This file is available for download here.
Ctrl-Click and 'Download Linked File' (Mac)
or Rt-Click and 'Save Target As' (PC) the link above.

When Fascism Comes

A nugget of truth from Ron Paul. This is in no way an endorsement of his presidential campaign. He would make a truly terrible president in my opinion.




Quicktime Video .5 MB | Duration: 00'18
Quicktime 7 required
This file is available for download here.
Ctrl-Click and 'Download Linked File' (Mac)
or Rt-Click and 'Save Target As' (PC) the link above.

Hardball w/Chris Matthews

Links With Your Coffee - Thursday

coffee.gif
  • Comparison Shopping: Oprah vs. Bill - Indecision 2008 Now that's amusing.

  • The Future of Reading (A Play in Six Acts) [dive into mark]
    When someone buys a book, they are also buying the right to resell that book, to loan it out, or to even give it away if they want. Everyone understands this.

    Jeff Bezos, Open letter to Author’s Guild, 2002

    You may not sell, rent, lease, distribute, broadcast, sublicense or otherwise assign any rights to the Digital Content or any portion of it to any third party, and you may not remove any proprietary notices or labels on the Digital Content. In addition, you may not, and you will not encourage, assist or authorize any other person to, bypass, modify, defeat or circumvent security features that protect the Digital Content.

    Amazon, Kindle Terms of Service, 2007

  • American College of Physicians Endorse Single-Payer - CommonDreams.org

  • Ablative, Allative, Adessive, Obsessive - New York Times
    SOMETIMES we turn to ritual to find peace in the solemnity of routine, in the comfort of regular practice. But occasionally we turn to ritual for another reason: because our favorite activities are just too embarrassing to do in public. My obsession, reading textbooks on foreign languages and memorizing obscure grammatical detail, is ritual of the latter persuasion. Not to put too fine a point on it, but if I did it in public, I wouldn’t have any friends. But if I didn’t do it at all, then I couldn’t tell you that Ancient Greek had a noun declension for objects found in pairs. Like shoes, or maybe breasts. And what fun would I be, then?

  • Let us kill all the teddy bears / Note to radical Muslims: I've now named my favorite coffee mug 'Muhammad.' Hope that helps
    Here's what I like to do every time I see a throng of frothing religious zombies marching in the streets of Sudan or Pakistan or Colorado Springs or anywhere else in the world, carrying knives and torches and holding festering clots of fear in their hearts as they burn flags or photographs or copies of "The Goblet of Fire" or "The Golden Compass" or that sweet little book about the cute gay penguins in the Central Park Zoo and all screaming for the instant death of someone who dared to suggest that, say, Jesus was actually a liberal pacifist or that L. Ron Hubbard was a nutball hack or that it's perfectly delightful to let sweet little schoolkids name a sweet little teddy bear 'Muhammad.'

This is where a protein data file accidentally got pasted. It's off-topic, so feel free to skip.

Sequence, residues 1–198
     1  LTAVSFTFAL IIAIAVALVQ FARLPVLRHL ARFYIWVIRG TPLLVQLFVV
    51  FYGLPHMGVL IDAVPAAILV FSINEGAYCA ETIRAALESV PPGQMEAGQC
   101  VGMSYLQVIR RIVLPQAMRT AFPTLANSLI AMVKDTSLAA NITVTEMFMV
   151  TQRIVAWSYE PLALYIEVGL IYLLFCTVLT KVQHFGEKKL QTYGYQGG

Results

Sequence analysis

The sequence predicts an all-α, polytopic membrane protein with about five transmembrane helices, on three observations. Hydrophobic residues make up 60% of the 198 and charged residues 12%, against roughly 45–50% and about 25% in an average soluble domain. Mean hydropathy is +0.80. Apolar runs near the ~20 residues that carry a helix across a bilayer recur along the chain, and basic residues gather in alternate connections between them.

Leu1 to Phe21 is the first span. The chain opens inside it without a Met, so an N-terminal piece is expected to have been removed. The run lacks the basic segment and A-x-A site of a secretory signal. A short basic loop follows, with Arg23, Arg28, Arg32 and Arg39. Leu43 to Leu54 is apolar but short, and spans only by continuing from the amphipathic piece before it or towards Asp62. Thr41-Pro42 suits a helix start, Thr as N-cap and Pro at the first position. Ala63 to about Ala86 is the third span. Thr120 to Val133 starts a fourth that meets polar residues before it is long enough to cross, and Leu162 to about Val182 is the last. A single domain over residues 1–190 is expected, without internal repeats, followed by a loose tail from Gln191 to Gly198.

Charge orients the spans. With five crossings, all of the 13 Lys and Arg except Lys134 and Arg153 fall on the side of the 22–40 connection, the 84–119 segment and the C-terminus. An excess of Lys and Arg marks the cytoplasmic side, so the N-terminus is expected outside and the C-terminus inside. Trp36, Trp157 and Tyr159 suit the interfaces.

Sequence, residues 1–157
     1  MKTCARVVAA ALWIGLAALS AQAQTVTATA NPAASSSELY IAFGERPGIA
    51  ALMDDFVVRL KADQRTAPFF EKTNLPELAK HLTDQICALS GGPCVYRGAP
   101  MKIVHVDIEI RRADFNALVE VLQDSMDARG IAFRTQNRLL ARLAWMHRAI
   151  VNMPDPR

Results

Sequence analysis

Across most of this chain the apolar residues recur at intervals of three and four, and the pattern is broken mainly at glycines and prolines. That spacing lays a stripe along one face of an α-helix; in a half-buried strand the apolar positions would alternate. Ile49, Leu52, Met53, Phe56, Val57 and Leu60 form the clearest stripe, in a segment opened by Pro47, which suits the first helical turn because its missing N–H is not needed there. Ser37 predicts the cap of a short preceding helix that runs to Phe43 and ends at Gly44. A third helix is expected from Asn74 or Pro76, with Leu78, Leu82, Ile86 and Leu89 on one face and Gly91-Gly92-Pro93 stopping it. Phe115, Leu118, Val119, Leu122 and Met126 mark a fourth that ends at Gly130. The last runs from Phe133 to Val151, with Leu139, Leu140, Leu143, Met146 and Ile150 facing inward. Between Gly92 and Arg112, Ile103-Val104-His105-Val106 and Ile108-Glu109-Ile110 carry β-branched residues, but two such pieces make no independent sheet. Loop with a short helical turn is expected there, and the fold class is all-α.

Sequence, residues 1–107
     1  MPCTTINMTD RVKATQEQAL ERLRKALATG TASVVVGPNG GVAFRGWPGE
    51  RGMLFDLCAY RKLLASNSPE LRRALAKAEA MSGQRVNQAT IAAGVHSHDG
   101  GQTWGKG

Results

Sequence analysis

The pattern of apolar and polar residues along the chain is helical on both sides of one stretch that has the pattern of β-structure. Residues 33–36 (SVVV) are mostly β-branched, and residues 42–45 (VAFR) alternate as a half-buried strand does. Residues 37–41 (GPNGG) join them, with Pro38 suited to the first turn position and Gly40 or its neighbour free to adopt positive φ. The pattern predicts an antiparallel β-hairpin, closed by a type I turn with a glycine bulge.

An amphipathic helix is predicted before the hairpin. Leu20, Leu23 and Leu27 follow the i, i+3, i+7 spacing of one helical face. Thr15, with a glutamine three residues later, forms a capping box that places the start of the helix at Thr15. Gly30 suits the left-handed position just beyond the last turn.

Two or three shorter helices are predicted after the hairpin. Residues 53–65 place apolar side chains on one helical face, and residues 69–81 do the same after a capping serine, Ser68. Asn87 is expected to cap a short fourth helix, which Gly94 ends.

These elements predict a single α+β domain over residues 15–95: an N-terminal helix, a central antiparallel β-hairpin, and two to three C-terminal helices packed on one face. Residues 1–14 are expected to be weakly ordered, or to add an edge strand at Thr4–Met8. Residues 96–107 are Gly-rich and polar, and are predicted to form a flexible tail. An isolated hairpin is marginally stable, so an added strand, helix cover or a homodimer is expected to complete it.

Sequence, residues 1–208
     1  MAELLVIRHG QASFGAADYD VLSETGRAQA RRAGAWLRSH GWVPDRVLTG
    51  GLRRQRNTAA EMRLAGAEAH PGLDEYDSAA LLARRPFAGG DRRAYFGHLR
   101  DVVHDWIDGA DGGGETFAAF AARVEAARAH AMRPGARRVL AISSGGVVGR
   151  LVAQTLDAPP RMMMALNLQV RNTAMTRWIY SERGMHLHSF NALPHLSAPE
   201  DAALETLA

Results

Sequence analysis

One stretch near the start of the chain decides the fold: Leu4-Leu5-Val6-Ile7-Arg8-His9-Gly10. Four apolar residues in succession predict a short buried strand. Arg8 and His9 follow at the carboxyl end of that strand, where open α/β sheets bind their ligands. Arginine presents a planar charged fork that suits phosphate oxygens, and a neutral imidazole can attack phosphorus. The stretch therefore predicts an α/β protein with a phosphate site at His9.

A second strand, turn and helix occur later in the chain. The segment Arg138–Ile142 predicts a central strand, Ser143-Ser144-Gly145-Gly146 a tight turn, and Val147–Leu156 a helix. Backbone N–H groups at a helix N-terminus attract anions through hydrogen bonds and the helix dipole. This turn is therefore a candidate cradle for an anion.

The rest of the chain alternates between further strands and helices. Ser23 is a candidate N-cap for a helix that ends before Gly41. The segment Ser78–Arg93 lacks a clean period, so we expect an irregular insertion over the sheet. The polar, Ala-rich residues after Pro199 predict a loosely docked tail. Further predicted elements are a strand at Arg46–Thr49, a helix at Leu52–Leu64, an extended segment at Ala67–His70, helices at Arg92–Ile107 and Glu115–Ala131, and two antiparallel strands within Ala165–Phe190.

• "A Cartoon" by Mr. Fish (Harper's Magazine)

  • ZNet |U.S. | Don't Believe the Hype (Ron Paul is Not Your Savior)

Links With Your Coffee - Thursday

coffee.gif
  • The Right-Wing Relativists | Campaign for America's Future
    There was a time when conservatives used to commonly insult liberals with an accusation that they were empty "pomo relativists." Lynn Cheney, in particular, made a point of it when she was the chairman of the National Endowment of the Humanities and even wrote a book about it called "Telling The Truth," if you can believe that.
    CHENEY: It's postmodernism, the notion that there is no such thing as truth. There's only your version of events and my version and Charles' version and Harry's version, and the one that prevails will be that of whoever is the most powerful. This seems to fly in the face of the way scholarship has proceeded for hundreds, if not thousands, of years.
    It takes your breath away, doesn't it? The exposure of the conservative movement as extreme epistemic relativists has been one of the most fascinating (and frustrating) stories of the Bush years.

  • Good Math, Bad Math : Pathetic Innumeracy - this time from Great Britain
    The British lottery put out a "scratch-off" game called "Cool Cash". The idea of it is that it's got a target temperature on the card, and to win, you need uncover only temperatures colder than the target. Simple, right?

  • Bring back the Greek gods - Los Angeles Times
    Prominent secular and atheist commentators have argued lately that religion "poisons" human life and causes endless violence and suffering. But the poison isn't religion; it's monotheism. The polytheistic Greeks didn't advocate killing those who worshiped different gods, and they did not pretend that their religion provided the right answers. Their religion made the ancient Greeks aware of their ignorance and weakness, letting them recognize multiple points of view.

  • Palimpsest: the guide to a (mostly) paperless life | 43 Folders I'm putting that scanner on the Amazon Wish List

  • YouTube - BILL MOYERS JOURNAL | Jeremy Scahill | PBS

  • WRITERS’ STRIKE KNOCKS OUT ‘FAKE NEWS SHOWS,’ LEAVING ONLY … FAKE NEWS

  • Aardvarchaeology : History Carnival 58
  • denialism blog : Who's Nuttier: Apple Fans or Ron Paul Fans?

  • Drinking and Praying: Proposal Could Tip Irish Priests Over Legal Limit You've got to love it. Christ's blood is over the legal limit.
    The job description for a Catholic priest doesn't include a lot of perks -- perhaps one reason that their numbers are shrinking rapidly across the Western world. In Ireland, though, the gig might be further complicated by a new proposal to lower the legal blood alcohol limit for drivers. Priests there are speaking out against the proposal because it could render them legally drunk after performing Mass. . .

    "Perhaps it could be enough for you to fail a drink-driving test," the Rev. Brian D'Arcy, a priest from Enniskillen, told the Irish Times. "I don't like to use the word wine, as it is Christ's blood in the Eucharist -- but it still has all the characteristics of wine when in the blood stream."

Links With Your Coffee - Wednesday

coffee.gif

Links With Your Coffee - Wednesday

Links With Your Coffee - Sunday

Bits And Pieces

I think it must be love

Does Your iPod Play Favorites? A note on random.

What I Heard about Iraq by Eliot Weinberger . It looks like Republican Ron Paul has heard something of the same things and poses the question to the House of Representives What If (It Was All a Big Mistake)

Red State Road Trip Day 3 via Truthout

Video Vandalism: The TOOLZ Inaugural Mashup
You're going to love the audio track of this Quicktime Movie.